Saturday 24 August 2019

Alarmists, not militants, will destroy the world of travel for all involved

A Belgian police officer patrols the Grand Place in central Brussels yesterday. Photo: AP
A Belgian police officer patrols the Grand Place in central Brussels yesterday. Photo: AP

Eoghan Corry

Americans are famously the most nervous of travellers. When they get a blanket government advisory telling them to beware of venturing beyond Ellis Island, which is effectively what happened yesterday, the rest of us should be worried.

The USA is our second biggest inbound market, and among the fastest-growing. Ireland is anticipating growth of 14pc-15pc in inbound tourism traffic from the USA in 2016 on top of similar growth this year.

Next summer we will have 30 flights on some days to North America. We were anticipating nearly 1.5 million American visitors.

It is not just hoteliers and purveyors of green-haired dolls who should worry. Our big aviation players need the industry to grow. The first of Ryanair's 180 new aircraft have started to arrive. It needs growth, and lots of it, in European travel to fill them.

The order books of Ireland's lead aircraft lessors are even more mind-boggling and more growth-dependent than Ryanair, including - but by no means confined to - Aengus Kelly's Aercap, Dómhnal Slattery's Avolon and Hugh Flynn's Air Contractors.

Our aviators' plans are all based on the expectation that international travel will continue to grow rapidly and without faltering.

Yesterday, America indicated it had lost confidence in the world's ability to protect its citizens, in an industry where confidence matters. A lot.

This industry needs the confidence of those who are about to click the confirm button and the gentlemen who finance an industry that depends, physically as well as metaphorically, on air - on the skies being blue and clear.

We have been here before. The leaders of the tourism industry, Francis Brennan, Bob Mooney, Paula Carroll, John Hehir and Margaret Cahill among them, were dispatched to America in the aftermath of the Libya bombings in 1985, the aftermath of the first Gulf War in 1992 and the post 9/11 freeze of 2002, to deliver a message: "Ireland is safe, it is an island off an island off the coast of Europe."

That campaign worked. Ireland's tourism turned before its competitors.

This time it's different. It is impossible to miss news that sporting events are being cancelled and metro systems being shut down in the era of 24-hour news channels.

A government-issued travel advisory, which thankfully was not around during our own troubles, can have the effect of cancelling an entire national industry, gives travel insurance companies an opt-out clause and leaves those who continue to travel without cover.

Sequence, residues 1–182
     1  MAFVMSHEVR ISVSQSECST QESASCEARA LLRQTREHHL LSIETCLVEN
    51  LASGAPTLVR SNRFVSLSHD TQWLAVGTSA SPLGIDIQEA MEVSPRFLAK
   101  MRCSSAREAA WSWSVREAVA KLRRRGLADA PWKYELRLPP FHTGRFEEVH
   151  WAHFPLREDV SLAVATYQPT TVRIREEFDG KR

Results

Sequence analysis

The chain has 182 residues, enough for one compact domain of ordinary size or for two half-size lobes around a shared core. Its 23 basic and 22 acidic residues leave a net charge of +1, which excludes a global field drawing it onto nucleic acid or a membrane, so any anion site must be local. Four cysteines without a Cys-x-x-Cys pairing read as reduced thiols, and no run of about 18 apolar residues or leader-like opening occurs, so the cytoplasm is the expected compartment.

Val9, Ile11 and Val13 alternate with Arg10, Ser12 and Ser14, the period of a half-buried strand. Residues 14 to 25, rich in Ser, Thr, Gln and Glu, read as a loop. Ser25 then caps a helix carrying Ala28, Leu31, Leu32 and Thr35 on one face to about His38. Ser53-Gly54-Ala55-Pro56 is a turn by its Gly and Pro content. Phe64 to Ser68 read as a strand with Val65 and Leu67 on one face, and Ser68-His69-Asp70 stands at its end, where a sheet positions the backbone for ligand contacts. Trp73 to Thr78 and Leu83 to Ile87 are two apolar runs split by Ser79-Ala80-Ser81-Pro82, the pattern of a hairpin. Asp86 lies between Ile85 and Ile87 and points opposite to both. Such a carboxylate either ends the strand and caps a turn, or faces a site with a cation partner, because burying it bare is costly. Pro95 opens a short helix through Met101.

Furthermore, the USA has seen the emergence of travel scaremongery, each alert more fearful than the previous, with the federal government, states and cities falling over each other to tell Americans not to travel to Mexican cities and states. Sometimes they are accused of acting in response to nothing more than the latest round of alarmism on Fox News.

If anything, travel should be getting safer. The technology that has transformed our smartphones and cars has also changed the security world. As a result of recent events we can expect more inconvenience when we travel, extra restrictions on hold luggage to match the restrictions on cabin baggage, more rigorous (and time-consuming) airport checks, an extra scanner at the airport gate, and airport-type security extended to rail travel and entry to public spaces and events.

An industry that has spent the past 14 years responding to 9/11, to a near-obsessive level, has developed a new armoury to help profile its airline passengers.

It has starting looking at extending this process to the wider community.

Alarmism has always been the enemy of tourism.

The things that kill Americans abroad is what kills them at home - road accidents, drownings and cardiac conditions.

We are similar - three fatalities in Tunisia and one in Turkey in 11 years have left us shocked, but after the enormity of the tragedy is considered, anyone considering changing their travel plans has to set them against the context of the 8 million tourists that Ireland sends abroad each year. From this we will suffer 200 fatalities, but from heart conditions and falls, not from headline-grabbing events.

Holidaymakers have reason to fear the militants, but the chances of falling foul of an act of violence are so minimal they are the equivalent of winning the Lotto more than three times in your lifetime.

It is not the militants, but the alarmists and the bureaucrats that will spoil our travel plans. They may have already started to do so.

Eoghan Corry is editor of Travel Extra

Irish Independent

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